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When you have less than 60 seconds to pitch yourself, you have to regard yourself as a brand. Brands don't simply tell; brands show. Cut out the superfluous and get to the crux of what you offer in a bare bones approach that portrays your individual brand in the right light. The interviewer wants to know why he should hire you, and your pitch should not only explain, but should show.
Tell a Story
Association is a strong memory tool you can use to your advantage when selling yourself in under a minute. A detailed story creates a picture on top of your message, creating a stronger memory the interviewer may remember longer. Use a quick anecdote or an analogy along with your message. Instead of simply saying that you enjoy making user experiences easier, for example, tell a story of a user experience you created that had an impact on an actual person's life.
Spell out Your Value in a Clear Pitch
Explain who you are, what you do and why you are the best person to do it. Put your skills right out in front. If your skills include marketing, explain how your marketing ideas transformed a company you previously worked with. Your skills shouldn't simply sit flat on the page. You have to make them come alive by putting them into a context the interviewer will remember and understand immediately. Make the interviewer understand how your specific skill set can improve his company's performance.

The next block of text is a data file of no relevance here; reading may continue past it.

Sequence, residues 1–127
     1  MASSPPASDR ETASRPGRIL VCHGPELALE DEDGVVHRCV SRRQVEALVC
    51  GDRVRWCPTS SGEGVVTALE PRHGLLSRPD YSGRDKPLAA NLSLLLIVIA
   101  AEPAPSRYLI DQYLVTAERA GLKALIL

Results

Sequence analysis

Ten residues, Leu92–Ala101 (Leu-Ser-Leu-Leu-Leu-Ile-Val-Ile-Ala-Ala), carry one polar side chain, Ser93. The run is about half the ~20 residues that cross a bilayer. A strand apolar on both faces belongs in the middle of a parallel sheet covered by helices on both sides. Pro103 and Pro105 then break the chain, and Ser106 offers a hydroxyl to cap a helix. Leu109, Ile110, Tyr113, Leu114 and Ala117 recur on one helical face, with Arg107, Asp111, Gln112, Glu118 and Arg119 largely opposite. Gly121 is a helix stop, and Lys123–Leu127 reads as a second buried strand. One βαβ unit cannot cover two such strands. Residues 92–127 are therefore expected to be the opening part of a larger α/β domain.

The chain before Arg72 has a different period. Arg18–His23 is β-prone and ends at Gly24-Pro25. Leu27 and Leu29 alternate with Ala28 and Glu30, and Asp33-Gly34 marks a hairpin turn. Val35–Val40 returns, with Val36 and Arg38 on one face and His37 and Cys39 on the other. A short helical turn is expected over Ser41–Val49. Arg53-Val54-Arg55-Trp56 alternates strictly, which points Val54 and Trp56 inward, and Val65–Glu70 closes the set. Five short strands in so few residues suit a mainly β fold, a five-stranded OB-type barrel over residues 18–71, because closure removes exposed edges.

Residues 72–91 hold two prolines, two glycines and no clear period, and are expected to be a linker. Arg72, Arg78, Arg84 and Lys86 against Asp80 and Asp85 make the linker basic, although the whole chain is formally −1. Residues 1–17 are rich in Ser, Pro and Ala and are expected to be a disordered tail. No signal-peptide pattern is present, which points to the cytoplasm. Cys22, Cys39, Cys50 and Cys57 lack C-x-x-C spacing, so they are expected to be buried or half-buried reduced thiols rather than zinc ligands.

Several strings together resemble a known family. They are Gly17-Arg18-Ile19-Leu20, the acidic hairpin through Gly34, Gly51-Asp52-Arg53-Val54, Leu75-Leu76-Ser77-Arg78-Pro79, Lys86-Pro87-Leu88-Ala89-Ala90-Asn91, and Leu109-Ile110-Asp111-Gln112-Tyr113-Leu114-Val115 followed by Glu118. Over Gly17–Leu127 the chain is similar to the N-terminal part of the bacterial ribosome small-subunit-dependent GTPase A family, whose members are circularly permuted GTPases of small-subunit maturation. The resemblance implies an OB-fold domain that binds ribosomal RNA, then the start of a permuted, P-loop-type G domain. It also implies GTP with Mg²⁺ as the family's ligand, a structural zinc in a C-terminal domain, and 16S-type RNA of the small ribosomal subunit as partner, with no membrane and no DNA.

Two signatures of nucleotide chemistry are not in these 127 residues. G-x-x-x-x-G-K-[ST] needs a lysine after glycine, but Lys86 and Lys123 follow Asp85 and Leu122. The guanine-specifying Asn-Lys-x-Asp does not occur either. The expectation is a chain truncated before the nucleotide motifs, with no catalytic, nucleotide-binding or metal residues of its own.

Watch out for cliches, such as "team player." Everyone is a team player, so be more specific. Discuss the teams you worked with and how you managed to lead and be an equal member of the team simultaneously. Don't say you are "detail oriented." Rather, briefly explain how you spotted and corrected a major glitch in a computer system that put the entire proprietary database at risk.
Use Appropriate Body Language
Show who you are by the way you present yourself. If you are confident, make sure your posture agrees with you by sitting up straight and maintaining eye contact. When you sit down, point your feet in the direction of the interviewer, not the door. Feet pointed toward the door give the impression that you're ready to leave. Avoid fidgeting, such as toe-tapping or nail-biting. It makes you appear nervous and uncomfortable. Sit up straight with your hands on your lap and your legs uncrossed. Be as alert and invested in the interview as possible.
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Johnny Kilhefner is a writer with a focus on technology, design and marketing. Writing for more than five years, he has contributed to Writer's Weekly, PopMatters, Bridged Design and APMP, among many other outlets.
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